examination for the inspector, will notify those who have asked to be part of the examination or to be kept informed of the examination. The inspector can require changes to be made to the plan – where these changes are significant, the inspector may require further consultation to be carried out before the examination is closed. It is envisaged that the plan could be formally adopted by the council in winter 2014-15. Contact details for the programme officer and examination arrangements will be made available on the council’s website. ■

ridge Email: enquiries@camb Phone: 01223 457000 k/ Website: cambridge.gov.u draft-local-plan-2014

.gov.uk

The Quad

One of the housing developments being built at Clay Farm, just beside the new community centre, will set an impressive new benchmark for developments in the city. The Quad is a housing development being built on councilowned land to comply with level 5 of the Code for Sustainable Homes. This means that it will set new standards for projects of this size in Cambridge for sustainability, with features including reduced water usage, lower energy consumption, and outside areas that encourage plants, animals and birds. But quite apart from these environmental features, this is set to be an innovative development, constructed around a series of individual and differentiated ‘squares’, mirroring the design of some famous Cambridge colleges, with homes surrounding interior gardens and public areas to encourage a real sense of community. There will ultimately be up to 208 one, two, three and four-bedroom homes at The Quad, and 50% of them will be affordable – either available for affordable rents or on sharedownership schemes. If the planning application is approved, the first residents are expected to move in there by the end of 2015. ■

ol@ Email: planning.devcontr k v.u .go cambridge Phone: 01223 457200 k/ Website: cambridge.gov.u ew d-n an ntdevelopme neighbourhoods

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Cambridge – A good place to live, learn and work

Work begins on new council homes

Local nature reserves spring into life With the days getting longer and warmer temperatures ahead, spring is a great time of year to go and explore the city’s local nature reserves. There are 12 reserves in Cambridge, each of them providing important protected habitats for flora and fauna, and offering residents an easily accessible taste of the countryside within the city’s boundaries. Improvements are set to be completed at two nature reserves this spring, to make them more appealing to visitors – whether human, plant, or animal. These projects have been funded by S106 financial contributions by homeowners and property developers, which are earmarked for informal open spaces like these. Paradise Local Nature Reserve Marsh is being restored by excavating an existing section to retain seasonal flood waters and attract more diverse plant life Willows nearby have been coppiced to increase light levels and improve views from the riverside and new boardwalk The boardwalk between Lammas Land car park and Newnham Croft has been extended through the site to improve year-round accessibility New interpretation boards have been installed at entrances Council officers visited the adjacent Newnham Croft Primary School to talk to pupils about the project, and to work with the school on its own wildlife area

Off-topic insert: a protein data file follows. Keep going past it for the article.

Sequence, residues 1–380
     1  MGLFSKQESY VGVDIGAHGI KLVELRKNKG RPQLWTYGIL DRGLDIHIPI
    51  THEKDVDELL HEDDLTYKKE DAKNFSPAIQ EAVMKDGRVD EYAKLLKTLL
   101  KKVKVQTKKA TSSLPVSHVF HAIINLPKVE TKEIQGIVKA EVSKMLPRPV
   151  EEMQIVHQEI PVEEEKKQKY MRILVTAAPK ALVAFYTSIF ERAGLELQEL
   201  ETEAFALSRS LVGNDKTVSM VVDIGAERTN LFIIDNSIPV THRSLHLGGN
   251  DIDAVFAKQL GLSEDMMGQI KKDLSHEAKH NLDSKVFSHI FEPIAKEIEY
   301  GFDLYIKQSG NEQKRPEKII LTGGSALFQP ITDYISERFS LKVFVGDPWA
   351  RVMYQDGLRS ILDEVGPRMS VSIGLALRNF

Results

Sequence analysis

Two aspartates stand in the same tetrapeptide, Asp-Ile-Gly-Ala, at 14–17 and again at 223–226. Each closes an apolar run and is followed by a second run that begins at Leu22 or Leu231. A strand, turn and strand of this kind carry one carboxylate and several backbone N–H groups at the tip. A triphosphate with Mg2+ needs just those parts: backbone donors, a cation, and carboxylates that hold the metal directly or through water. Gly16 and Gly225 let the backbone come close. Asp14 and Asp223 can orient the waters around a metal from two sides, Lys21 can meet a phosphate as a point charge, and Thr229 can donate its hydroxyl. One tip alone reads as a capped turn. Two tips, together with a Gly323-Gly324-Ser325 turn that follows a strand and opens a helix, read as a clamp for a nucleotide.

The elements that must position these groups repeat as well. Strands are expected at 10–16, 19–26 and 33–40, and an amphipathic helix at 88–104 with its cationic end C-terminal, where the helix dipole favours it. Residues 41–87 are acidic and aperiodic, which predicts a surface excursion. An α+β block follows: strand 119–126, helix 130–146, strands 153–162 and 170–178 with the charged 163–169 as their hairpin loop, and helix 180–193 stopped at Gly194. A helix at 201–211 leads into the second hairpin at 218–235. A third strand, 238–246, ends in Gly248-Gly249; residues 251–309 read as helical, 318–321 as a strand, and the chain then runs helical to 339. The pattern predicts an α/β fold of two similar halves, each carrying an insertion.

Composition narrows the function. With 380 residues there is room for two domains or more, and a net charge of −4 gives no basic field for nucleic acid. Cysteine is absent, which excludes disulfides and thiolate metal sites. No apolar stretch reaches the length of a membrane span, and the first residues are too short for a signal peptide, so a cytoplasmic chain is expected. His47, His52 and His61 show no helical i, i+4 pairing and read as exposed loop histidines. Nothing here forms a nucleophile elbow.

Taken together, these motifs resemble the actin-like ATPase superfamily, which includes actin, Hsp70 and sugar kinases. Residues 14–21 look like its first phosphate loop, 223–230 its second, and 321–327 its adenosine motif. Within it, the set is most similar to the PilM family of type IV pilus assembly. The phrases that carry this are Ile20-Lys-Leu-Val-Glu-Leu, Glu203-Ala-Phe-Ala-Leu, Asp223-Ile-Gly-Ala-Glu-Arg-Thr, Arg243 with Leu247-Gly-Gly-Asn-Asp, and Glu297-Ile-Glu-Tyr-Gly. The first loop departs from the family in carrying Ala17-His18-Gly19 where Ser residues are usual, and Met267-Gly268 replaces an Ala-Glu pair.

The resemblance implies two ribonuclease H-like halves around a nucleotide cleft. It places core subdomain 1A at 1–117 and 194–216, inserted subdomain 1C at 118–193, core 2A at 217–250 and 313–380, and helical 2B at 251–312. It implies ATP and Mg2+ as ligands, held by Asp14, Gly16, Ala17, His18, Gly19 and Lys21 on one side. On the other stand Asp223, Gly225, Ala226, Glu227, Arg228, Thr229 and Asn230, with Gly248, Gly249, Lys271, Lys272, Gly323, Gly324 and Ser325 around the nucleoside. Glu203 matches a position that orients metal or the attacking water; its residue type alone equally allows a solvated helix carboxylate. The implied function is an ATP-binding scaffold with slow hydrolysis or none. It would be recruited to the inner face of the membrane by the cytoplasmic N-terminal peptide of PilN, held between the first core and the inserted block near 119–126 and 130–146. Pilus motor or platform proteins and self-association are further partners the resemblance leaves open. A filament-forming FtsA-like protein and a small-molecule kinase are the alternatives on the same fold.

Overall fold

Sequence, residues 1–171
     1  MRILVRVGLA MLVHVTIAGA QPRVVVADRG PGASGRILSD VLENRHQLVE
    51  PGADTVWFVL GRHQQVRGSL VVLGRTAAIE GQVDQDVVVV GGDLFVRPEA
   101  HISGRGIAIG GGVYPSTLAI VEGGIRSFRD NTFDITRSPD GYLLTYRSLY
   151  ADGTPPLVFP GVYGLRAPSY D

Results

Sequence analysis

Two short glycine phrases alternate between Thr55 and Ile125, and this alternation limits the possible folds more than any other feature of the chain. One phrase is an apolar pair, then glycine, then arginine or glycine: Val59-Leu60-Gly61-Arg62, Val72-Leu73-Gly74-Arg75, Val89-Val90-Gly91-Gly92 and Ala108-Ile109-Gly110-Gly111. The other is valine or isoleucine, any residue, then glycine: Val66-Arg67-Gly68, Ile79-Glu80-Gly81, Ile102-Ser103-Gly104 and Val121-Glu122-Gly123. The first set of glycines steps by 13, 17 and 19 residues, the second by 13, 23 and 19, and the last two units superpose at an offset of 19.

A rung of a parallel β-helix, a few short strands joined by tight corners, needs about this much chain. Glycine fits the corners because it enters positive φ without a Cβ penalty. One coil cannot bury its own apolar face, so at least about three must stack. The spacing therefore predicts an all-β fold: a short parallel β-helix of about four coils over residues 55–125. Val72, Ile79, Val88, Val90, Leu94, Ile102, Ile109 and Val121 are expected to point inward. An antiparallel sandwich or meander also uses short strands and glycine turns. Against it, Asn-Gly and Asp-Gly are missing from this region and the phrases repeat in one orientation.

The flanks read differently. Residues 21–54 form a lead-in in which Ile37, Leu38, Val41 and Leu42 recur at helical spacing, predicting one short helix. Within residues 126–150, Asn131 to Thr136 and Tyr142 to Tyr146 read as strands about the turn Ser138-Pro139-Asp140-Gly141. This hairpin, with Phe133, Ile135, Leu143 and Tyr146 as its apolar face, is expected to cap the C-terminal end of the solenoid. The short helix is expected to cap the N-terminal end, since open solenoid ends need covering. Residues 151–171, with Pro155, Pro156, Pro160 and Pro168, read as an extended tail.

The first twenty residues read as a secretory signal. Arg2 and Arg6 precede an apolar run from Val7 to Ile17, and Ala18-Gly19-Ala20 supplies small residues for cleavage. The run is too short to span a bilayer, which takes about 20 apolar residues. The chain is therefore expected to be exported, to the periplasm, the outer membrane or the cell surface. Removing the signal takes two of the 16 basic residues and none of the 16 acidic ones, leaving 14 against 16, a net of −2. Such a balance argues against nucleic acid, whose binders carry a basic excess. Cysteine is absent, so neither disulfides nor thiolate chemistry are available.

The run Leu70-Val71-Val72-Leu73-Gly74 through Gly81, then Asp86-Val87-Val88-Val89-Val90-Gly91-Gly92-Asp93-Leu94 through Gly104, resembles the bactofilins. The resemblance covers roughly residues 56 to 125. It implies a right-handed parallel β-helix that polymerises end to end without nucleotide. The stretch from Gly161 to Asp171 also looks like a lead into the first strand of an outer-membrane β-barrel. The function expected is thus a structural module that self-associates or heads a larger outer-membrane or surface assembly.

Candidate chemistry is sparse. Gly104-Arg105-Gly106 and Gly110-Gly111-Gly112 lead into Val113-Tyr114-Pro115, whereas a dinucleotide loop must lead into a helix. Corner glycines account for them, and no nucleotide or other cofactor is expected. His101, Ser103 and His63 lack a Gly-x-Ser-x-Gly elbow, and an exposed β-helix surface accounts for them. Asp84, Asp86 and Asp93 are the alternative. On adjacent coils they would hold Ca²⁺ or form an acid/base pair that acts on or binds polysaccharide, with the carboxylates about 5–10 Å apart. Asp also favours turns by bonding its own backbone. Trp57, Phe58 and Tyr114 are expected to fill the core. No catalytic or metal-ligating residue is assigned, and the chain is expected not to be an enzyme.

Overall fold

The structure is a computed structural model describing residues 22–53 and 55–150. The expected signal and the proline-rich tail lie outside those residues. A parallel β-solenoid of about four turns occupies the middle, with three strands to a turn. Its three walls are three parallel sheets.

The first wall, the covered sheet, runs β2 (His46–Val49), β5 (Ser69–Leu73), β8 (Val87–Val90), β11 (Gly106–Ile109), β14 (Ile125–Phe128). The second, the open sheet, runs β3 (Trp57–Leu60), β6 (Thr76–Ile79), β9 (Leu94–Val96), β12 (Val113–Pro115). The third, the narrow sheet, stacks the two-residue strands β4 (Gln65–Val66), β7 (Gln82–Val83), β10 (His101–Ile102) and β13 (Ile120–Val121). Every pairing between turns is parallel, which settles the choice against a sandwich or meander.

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and pond bordering the reserve Find it: Paradise LNR is on the west bank of the Cam near Lammas Land car park in Newnham Stourbridge Common Local Nature Reserve New ‘scrape’ habitats have been created. Scrapes are shallow excavations which allow seasonal standing water to remain for longer, and encourage aquatic creatures as well as predators that feed on them, such as wintering snipe Tawny owl, kestrel and bat boxes have been installed A 300 metre section of riverbank is being replaced to encourage vegetation to stabilise the bank and benefit wildlife New interpretation boards have been placed at key entrances Find it: Stourbridge Common LNR is alongside the Cam, accessible from Riverside or Oyster Row off Newmarket Road. ■